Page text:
Spotify vs. Apple Music 2019: Who Wins the Music War?

Having a music streaming subscription allows you to access a library of songs on-demand via any of your devices without having to make individual purchases. This means more choice for less money. So, without further ado, let’s meet the competitors who will be fighting it out.

The first contender needs no introduction, it’s Spotify! With nearly 100 million paid subscribers, this Swedish streaming service has dominated the music scene since 2008. It’s signature features include a discovery algorithm that easily crushes any competitor and free service that allows advertisers to capitalize on revenue.

The opponent comes all the way from San Francisco. This Silicon Valley giant has already gained a combined total of 50 million users on paid and trial subscriptions. It’s Apple Music! What is Apple Music? Why it’s the music solution made from the same DNA as Apple devices. Apple Music or Spotify? They’re great streaming services, but there’s only room for one subscription service in your life.

Launched in 2015, Apple Music has risen up the leaderboard with feature releases such as notifications when your favorite artists publish new music and marriage to Siri voice commands, so all you have to do is ask Siri to play what you want to hear.

Below, these heavyweights will face each other based on their pricing, sound quality, music selection, device support, social sharing, and music discovery.

  • Features

Being an early mover in on-demand music streaming services, Spotify has had the time to develop many more useful features. One of them is “Crossfade tracks” which eliminates the silence between the tracks to have a more spontaneous transition. This should bring a DJ-like energy level to your surroundings.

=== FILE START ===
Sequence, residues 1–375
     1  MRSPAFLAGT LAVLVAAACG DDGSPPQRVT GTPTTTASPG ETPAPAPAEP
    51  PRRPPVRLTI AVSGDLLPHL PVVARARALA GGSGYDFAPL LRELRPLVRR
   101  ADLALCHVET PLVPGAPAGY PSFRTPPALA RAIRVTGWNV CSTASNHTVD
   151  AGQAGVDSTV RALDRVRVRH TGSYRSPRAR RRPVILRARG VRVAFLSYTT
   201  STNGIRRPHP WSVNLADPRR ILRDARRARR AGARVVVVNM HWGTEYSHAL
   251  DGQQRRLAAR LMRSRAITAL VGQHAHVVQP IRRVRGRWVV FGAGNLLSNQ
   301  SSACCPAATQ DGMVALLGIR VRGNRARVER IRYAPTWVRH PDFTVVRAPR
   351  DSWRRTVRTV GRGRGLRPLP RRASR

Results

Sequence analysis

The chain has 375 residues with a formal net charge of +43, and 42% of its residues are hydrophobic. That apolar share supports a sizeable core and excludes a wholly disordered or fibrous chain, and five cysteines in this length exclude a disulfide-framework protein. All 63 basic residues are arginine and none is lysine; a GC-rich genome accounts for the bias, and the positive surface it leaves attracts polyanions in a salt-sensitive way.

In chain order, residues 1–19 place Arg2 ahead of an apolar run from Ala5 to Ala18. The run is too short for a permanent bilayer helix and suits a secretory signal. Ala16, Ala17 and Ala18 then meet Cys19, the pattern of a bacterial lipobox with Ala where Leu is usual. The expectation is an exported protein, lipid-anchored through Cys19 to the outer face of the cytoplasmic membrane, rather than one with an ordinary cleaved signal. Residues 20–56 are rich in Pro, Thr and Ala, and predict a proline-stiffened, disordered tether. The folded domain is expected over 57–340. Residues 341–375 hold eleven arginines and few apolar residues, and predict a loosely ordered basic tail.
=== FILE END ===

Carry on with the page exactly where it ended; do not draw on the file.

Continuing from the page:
For the social ones, there is “Friend Activity” that allows you to find out in real-time what your friends are listening to. Spotify’s algorithms are smart enough to predict your tastes accurately, and its “Discover Music” feature brings you slightly more choices and unknown artists compared to Apple Music.

While Apple Music does not have the algorithmic sophistication of Spotify, it checks all the basics you will actually need. Whether it is offline downloads or effortless streaming across multiple devices, the app has similar flair and functionalities like any other product in the Apple ecosystem. It has also started adding the cool Spotify-like features such as what “friends are listening to.”

Spotify has more features but Apple Music clearly does not fall short of relevant features. Therefore, we will consider this round a tie.

  • Music Collection and Artists

Apple Music has set the music collection bar very high by making you “lose yourself in 50 million songs.” In comparison, Spotify has 35 million songs which are not bad either.

The difference is negligible if you are mostly listening to Billboard music and well-known artists, but what works in Apple’s favor is the fact that your personal music is scrutinized more carefully, so your actual collection will be far more interesting.

Some of Spotify’s algorithmic suggestions are not really helpful, and you may find yourself sifting through a lot of mediocre content. For instance, I would not want to listen to some unknown garage band doing a knock-off of Metallica. Just because they sound similar does not mean they are.